California's exports drop 4.6 percent

The Sacramento BeeNovember 9, 2012 

BIZ BIGSHIPS 5 OX

The MSC Fabiola passes passes Alcatraz Island as it heads to the Port of Oakland on March 21, 2012, in San Francisco, California.

ARIC CRABB — MCT/Oakland Tribune

— California's recently streaking export segment is streaking in the wrong direction.

California businesses shipped goods valued at $12.87 billion in September, down about 4.6 percent from $13.49 billion in September 2011, according to an analysis of Thursday's U.S. Commerce Department trade figures by Beacon Economics, a consulting firm with offices in the Bay Area and Los Angeles.

It was the third straight month that California exports saw a year-over-year decline. July marked the end of a 32-month streak of gains.

Analysts blamed fallout from Europe's economic woes and a decelerating pace of growth in Asia.

However, they also said that California exporters continue to exceed the inflation-adjusted pace they set in 2008, the peak pre-recession year for the state's merchandise export trade.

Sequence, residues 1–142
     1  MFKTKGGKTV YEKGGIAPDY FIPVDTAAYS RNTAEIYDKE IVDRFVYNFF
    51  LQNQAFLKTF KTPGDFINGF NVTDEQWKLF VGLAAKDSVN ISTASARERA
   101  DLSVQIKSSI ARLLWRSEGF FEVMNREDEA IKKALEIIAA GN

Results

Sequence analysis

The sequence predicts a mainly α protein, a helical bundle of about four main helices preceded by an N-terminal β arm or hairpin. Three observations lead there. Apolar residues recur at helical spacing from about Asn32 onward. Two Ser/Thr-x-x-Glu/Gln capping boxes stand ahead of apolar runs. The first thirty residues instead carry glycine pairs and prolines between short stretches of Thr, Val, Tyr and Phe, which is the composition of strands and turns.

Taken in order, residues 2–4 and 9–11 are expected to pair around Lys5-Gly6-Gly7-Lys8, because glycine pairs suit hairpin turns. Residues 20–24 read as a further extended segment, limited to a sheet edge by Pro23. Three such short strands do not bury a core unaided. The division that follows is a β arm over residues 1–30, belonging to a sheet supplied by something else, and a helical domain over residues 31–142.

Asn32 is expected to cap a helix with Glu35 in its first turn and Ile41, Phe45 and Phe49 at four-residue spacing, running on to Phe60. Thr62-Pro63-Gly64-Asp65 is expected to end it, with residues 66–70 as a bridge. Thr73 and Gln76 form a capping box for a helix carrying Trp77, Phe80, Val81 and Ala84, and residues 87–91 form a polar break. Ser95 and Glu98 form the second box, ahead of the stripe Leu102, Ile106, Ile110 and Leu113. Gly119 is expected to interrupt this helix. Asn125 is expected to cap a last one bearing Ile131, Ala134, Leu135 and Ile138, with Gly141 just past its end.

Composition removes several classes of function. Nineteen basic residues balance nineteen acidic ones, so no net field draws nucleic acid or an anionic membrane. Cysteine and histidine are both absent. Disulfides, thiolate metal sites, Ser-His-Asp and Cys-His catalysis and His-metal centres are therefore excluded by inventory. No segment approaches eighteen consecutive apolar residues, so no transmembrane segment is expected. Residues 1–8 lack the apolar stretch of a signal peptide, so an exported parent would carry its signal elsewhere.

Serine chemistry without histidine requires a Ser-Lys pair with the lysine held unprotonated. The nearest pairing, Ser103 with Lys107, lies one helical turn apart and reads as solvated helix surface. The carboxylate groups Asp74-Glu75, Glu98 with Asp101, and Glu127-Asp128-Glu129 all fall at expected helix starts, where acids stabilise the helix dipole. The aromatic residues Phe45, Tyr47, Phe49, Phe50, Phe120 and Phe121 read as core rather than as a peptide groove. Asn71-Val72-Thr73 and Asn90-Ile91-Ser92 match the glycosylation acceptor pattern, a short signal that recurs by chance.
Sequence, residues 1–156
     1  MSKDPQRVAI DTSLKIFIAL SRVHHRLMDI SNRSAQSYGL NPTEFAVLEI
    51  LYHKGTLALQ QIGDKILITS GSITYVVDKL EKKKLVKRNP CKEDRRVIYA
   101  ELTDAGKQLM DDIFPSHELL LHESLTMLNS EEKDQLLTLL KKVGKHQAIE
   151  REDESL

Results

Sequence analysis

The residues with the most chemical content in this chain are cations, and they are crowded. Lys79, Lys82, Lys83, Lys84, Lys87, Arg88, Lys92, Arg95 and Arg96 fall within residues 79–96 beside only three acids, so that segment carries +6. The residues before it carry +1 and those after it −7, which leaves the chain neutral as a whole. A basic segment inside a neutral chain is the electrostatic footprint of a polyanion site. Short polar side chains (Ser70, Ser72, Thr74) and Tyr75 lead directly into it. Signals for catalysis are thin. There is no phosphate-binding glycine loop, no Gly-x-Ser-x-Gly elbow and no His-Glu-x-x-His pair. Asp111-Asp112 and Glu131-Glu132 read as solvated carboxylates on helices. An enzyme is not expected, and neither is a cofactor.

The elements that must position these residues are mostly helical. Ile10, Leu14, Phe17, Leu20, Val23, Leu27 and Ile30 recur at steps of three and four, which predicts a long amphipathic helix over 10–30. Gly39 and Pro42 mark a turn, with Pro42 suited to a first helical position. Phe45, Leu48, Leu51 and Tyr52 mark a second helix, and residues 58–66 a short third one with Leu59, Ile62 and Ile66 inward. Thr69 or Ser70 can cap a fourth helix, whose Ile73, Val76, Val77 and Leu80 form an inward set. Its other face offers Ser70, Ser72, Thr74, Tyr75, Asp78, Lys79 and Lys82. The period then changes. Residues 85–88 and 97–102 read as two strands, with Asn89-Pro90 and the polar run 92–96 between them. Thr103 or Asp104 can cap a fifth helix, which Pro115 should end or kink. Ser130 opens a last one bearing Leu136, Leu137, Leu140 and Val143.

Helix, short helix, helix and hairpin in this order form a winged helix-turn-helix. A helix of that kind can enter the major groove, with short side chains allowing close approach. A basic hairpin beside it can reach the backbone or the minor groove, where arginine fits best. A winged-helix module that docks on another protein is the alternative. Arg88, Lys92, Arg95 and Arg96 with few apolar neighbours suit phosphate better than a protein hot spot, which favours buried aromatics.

"Whether that will remain true through the year's final quarter is exceedingly uncertain," said Jock O'Connell, Beacon's international trade adviser. "Still, initial indications of nationwide export activity show that trade could have an upward influence on the revised third-quarter GDP figures when they are released."

Year-over-year export totals were down in all major categories. Exports of manufactured goods totaled $8.42 billion, down 1.9 percent from September 2011. Non-manufactured goods (chiefly raw materials and agricultural products) fell nearly 10 percent to $1.51 billion, and re-exports were off 9 percent at $2.94 billion.

Some products within categories did well. Fruit and nut exports, for example, were up 7.6 percent to $712 million.

O'Connell said there were other red flags to be found all over the map, including an imminent leadership change in China and bleak economic forecasts in Europe.

The European Commission's latest forecast projects gross domestic product to shrink 0.3 percent for the European Union to close out this year.

Growth in 2013 was projected at a decidedly tepid 0.4 percent.

On the import side, California took in $31.41 billion in September, up from $30.86 billion in September last year. Some goods entering California go to other states, so exports are considered a more accurate measure of the state's trade health.

Nationally, the U.S. trade deficit declined to its lowest level in nearly two years as September exports rose to a record high.

The Commerce Department said the August deficit of $44.2 billion narrowed to $41.5 billion in September.

Exports of U.S. goods and services rose 3.1 percent to an all-time high of $187 billion. Officials cited strong sales of commercial aircraft, heavy machinery and farm goods.

Imports rose 1.5 percent, to $228.5 billion.

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